This week, New York State Governor Kathy Hochul signed into law a bill that sets a goal similar to that of California and several other states: All new passenger vehicles and light trucks sold in New York will have to be "zero-emission" models by 2035.
Recall that in New Jersey, the neighboring state, this is also being studied and actively planned. In Canada, the year 2035 has also been identified. All of it suggests that one by one, U.S. state legislatures will follow suit with that timeline.
It may take longer for some states, however.
Here's what the Autoblog site reports:
New York’s law calls for regulations requiring more zero-emission vehicles, with a goal of "100 percent of sales in the state by 2035," and a similar goal for medium- and heavy-duty vehicles by 2045 if possible.
The U.S. government has of course been vocal about promoting the sale of electric vehicle to help reduce fossil fuel consumption and help meet global goals to slow human-caused climate change.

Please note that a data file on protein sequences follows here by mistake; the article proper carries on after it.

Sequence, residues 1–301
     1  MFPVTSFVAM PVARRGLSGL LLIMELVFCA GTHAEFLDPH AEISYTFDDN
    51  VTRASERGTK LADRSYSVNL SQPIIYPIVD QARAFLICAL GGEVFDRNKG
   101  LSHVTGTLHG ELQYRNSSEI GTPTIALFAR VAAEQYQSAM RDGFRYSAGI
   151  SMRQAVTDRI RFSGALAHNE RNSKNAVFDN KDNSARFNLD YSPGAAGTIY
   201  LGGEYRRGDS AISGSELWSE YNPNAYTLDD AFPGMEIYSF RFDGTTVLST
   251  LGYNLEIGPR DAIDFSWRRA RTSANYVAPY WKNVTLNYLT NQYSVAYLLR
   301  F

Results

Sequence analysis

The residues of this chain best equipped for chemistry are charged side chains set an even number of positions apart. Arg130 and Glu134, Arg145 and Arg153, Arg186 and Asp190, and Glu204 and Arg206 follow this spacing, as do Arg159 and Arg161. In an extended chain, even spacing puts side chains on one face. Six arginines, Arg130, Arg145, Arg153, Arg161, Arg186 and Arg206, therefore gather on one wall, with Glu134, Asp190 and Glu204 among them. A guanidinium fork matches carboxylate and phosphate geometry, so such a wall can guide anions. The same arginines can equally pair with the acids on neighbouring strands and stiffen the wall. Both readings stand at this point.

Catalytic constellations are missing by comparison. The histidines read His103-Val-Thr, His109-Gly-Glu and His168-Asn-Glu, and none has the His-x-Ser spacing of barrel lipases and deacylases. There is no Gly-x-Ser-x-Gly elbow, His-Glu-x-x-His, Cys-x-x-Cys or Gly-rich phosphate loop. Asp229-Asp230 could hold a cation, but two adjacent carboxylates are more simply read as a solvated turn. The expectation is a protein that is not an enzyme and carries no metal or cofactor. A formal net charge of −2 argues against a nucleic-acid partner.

Last month, President Joe Biden took a step toward his administration’s goal of reducing greenhouse gas emissions by issuing an executive order that calls for half of all new vehicles sold to be electric starting in 2030. This goal is supported by the largest U.S. automakers.
At the same time, the Biden administration has repeatedly refused to approve nationwide proposals to phase out the sale of all new gasoline-powered vehicles by 2035, despite pressure from some Democrats in Congress.
Last year, California Governor Gavin Newsom signed an executive order to ban the sale of new gasoline-powered passenger vehicles starting in 2035. In July 2020, former New York State Governor Andrew Cuomo announced $750 million in investments to install 50,000 charging stations across the state.
This past April, New York, California and 10 other states asked Joe Biden to set standards that would require all new passenger cars and light trucks to be emission-free by 2035.
In the Big Apple
New York City said this past Wednesday that meeting its climate change goals would require 400,000 of the city's two million vehicle owners to switch to electric by 2030. The city pledges to install a network of 10,000 curbside charging stations by 2030.
New York State also promised to introduce regulations requiring an increasing percentage of all new medium and large trucks sold in the state to be emissions-free starting in the 2025 model year.
The legislation signed Wednesday also aims to require all off-road vehicles to be zero-emission models by 2035.